In addition to Counsel's alleged failure to consult with experts concerning the prosecution's medical evidence in order to effectively cross-examine the prosecution's witnesses, and his failure to retain defense experts to call as witnesses for Richard in order to contradict the People's experts, Defendant advances several other grounds for the relief sought by the instant motion. Such purported grounds relate, in the main, to Counsel's defense strategy and trial tactics, and include the following claims: that Counsel failed to object to or seek appropriate relief regarding allegedly improper questioning by the People and the Court; failed to properly or effectively cross-examine the People's witnesses; failed to properly or effectively present or question his own witnesses; failed to properly propose a "Sandoval Compromise" with respect to Defendant's criminal record; failed to seek a "Frye" hearing regarding the proposed testimony of Dr. Meltzer; interposed improper pre-trial motions; failed to show a motive or reason for the victim's mother and/or other parties to fabricate the charges and for the child victim to lie about allegedly being sexually abused by the Defendant; failed to use at trial records from prior Family Court proceedings in Westchester and Putnam Counties; failed to make proper opening and closing statements; failed to present a cogent defense theory; failed to preserve critical issues; and failed to obtain the testimony and records of the child's pediatrician. Based on the alleged failures by trial counsel both on and off the trial record, Defendant argues that Mazzamurro's performance constituted ineffective assistance of counsel under the standards established by the federal courts as well as the courts of this state.
The People oppose Defendant's motion and maintain that any omissions or errors by trial counsel were the result of tactical, strategic decisions by competent counsel and therefore do not provide a valid basis to vacate Defendant's judgment of conviction. The People further dispute Defendant's contention that the failure by Counsel to consult with or call defense medical experts constituted ineffective assistance of counsel, and argue that such failure may well have been caused by unspecified difficulties that counsel encountered in his search for an expert who could plausibly contradict the People's evidence and thereby change the course of the trial. Moreover, the People argue that Mazzamurro did in fact contact Dr. Canter before trial, as well as two other doctors.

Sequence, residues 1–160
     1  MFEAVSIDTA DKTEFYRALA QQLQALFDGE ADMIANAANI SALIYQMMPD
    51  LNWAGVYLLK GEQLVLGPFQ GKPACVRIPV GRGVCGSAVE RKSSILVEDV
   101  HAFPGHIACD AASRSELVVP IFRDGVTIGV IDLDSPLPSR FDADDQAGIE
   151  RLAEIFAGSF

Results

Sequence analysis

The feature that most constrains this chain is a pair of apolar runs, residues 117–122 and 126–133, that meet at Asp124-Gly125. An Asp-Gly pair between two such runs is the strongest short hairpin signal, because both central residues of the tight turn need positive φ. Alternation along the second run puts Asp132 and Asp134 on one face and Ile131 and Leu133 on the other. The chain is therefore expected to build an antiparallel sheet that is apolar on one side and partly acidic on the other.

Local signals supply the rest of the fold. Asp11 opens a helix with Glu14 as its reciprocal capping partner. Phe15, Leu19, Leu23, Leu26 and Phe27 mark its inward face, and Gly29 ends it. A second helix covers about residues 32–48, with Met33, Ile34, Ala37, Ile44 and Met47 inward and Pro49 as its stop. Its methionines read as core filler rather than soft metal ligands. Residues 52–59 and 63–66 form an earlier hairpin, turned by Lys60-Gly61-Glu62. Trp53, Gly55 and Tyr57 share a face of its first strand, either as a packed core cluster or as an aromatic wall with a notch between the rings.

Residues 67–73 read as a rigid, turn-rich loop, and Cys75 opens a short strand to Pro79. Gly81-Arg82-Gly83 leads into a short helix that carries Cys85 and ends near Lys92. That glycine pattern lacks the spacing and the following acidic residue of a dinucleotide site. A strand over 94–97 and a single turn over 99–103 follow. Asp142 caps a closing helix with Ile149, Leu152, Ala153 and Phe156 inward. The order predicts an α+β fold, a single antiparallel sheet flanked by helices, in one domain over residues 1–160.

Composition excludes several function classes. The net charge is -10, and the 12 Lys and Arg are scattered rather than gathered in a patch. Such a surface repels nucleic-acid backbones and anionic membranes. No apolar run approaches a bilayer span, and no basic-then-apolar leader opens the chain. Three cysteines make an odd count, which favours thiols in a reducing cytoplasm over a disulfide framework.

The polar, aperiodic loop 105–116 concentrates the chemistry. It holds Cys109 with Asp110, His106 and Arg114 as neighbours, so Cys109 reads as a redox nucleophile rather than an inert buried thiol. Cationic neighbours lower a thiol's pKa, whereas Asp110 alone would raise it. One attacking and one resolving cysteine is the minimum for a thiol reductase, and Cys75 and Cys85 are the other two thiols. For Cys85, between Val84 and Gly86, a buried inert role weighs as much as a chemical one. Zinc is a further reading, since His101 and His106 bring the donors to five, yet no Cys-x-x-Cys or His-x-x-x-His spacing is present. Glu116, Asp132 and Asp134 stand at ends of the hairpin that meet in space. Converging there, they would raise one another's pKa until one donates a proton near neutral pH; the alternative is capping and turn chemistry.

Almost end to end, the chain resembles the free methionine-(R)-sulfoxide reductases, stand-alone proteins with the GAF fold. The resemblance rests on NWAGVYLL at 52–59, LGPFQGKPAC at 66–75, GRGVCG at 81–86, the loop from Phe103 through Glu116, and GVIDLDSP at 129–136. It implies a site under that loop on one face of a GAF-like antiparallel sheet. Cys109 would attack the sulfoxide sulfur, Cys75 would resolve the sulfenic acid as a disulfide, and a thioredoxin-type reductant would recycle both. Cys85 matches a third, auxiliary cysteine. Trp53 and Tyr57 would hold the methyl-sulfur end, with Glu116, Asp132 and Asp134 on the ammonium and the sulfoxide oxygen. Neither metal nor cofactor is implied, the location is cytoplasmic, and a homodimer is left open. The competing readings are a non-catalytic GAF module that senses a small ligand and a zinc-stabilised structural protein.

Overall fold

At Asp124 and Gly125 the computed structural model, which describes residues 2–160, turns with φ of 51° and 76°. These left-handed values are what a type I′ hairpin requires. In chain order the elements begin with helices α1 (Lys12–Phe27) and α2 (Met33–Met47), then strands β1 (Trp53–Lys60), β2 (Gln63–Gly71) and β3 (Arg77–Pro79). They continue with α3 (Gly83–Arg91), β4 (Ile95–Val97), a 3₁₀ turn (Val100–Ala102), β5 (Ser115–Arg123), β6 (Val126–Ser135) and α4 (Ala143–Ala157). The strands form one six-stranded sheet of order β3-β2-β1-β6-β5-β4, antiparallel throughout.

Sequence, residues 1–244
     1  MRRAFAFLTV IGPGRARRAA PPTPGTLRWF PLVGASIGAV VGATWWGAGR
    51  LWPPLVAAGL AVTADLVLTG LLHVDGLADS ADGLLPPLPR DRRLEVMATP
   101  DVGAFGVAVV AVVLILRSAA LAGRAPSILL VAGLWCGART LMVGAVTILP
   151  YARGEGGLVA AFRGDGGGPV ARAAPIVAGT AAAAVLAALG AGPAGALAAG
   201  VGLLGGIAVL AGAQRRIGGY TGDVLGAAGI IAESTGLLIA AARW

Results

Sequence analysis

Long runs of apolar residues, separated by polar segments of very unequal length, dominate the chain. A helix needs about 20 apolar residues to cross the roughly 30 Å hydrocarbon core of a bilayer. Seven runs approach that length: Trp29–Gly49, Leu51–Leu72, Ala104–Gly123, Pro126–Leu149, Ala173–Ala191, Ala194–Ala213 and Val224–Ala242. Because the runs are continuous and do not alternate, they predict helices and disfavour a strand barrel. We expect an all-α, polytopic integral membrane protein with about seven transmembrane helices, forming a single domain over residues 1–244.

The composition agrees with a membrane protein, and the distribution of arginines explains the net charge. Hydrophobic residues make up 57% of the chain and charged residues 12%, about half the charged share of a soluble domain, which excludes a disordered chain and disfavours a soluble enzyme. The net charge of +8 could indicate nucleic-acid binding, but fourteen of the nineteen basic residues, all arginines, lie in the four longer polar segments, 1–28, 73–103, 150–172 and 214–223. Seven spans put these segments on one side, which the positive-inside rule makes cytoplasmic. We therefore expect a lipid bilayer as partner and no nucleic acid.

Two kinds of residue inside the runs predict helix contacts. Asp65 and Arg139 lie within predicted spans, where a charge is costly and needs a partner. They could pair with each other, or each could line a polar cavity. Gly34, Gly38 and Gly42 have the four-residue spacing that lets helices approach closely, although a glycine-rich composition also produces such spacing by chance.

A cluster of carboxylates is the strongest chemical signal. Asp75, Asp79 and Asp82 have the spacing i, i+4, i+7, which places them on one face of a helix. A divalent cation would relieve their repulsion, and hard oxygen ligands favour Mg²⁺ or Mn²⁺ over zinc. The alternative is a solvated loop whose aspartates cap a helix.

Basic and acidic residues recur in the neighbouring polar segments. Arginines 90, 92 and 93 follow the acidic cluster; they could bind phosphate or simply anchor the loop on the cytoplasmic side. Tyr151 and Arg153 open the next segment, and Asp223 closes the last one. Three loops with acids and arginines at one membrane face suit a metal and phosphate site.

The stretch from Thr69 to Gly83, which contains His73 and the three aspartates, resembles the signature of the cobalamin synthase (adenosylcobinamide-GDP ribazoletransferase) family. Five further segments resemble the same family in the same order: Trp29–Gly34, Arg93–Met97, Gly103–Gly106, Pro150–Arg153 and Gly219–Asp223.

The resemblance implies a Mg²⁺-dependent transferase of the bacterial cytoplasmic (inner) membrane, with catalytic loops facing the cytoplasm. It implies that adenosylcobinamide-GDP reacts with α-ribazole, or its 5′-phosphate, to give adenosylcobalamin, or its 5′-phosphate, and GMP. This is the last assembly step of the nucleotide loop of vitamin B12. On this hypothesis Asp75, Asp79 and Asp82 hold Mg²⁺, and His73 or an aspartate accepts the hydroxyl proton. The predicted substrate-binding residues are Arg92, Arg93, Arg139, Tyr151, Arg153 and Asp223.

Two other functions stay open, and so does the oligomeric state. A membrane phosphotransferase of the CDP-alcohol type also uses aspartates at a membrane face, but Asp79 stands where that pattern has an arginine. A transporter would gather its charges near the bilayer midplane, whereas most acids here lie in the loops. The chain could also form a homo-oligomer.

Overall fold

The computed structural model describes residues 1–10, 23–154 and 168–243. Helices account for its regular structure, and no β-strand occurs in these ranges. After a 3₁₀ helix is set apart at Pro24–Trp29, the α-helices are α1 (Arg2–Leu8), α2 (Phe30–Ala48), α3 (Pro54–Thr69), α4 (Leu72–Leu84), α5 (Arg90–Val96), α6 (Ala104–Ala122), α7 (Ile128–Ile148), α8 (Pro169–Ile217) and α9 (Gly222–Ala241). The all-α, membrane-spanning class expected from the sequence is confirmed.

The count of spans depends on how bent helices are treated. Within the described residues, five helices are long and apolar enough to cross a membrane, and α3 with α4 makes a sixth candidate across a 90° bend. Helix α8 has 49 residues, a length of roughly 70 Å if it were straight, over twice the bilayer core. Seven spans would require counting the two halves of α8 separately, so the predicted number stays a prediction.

Discussion and Conclusions.
Defendant contends that Counsel's performance, before and during his trial, amounted to ineffective assistance of counsel and denied him of his right to a fair trial under both New York and federal constitutional standards. Under New York law, the Court must determine whether "the evidence, the law, and the circumstances of [the] particular case, viewed in totality and as of the time of the representation, reveal that the attorney provided meaningful representation." (People v. Hull, 71 A.D.3d 1336, 1338 [3d Dept. 2010], quoting People v. Benevento, 91 N.Y.2d 708, 712 (1998); People v. Baldi, 54 N.Y.2d 137 ). In order to prevail on an ineffective assistance claim under the federal standard, a defendant must prove "both that counsel's representation fell below an objective standard of reasonableness measured under prevailing professional norms" and that "there is a reasonable probability that, but for counsel's unprofessional errors, the result of the proceeding would have been different." (Graham v. Portuondo, 732 F. Supp. 2d 99, 114 [E.D.N.Y., 2010] where the Court granted federal habeas corpus relief on the ground of ineffective assistance of trial counsel; Strickland v. Washington, 466 U.S. 668 ).
As the People correctly maintain, under both federal and state standards, a defense attorney's mere error in judgment in choosing a particular trial strategy that results in a consequence he or she did not intend-a guilty verdict-is not alone sufficient to constitute ineffective assistance of counsel. After all, a defendant is only entitled to meaningful, not invariably successful, representation. And the standard of meaningful representation will be met as long as counsel's trial strategy and tactics are objectively reasonable and diligently pursued. As the Court of Appeals stated in the leading New York case of People v. Baldi, 54 N.Y.2d 137, 146-147 (1981),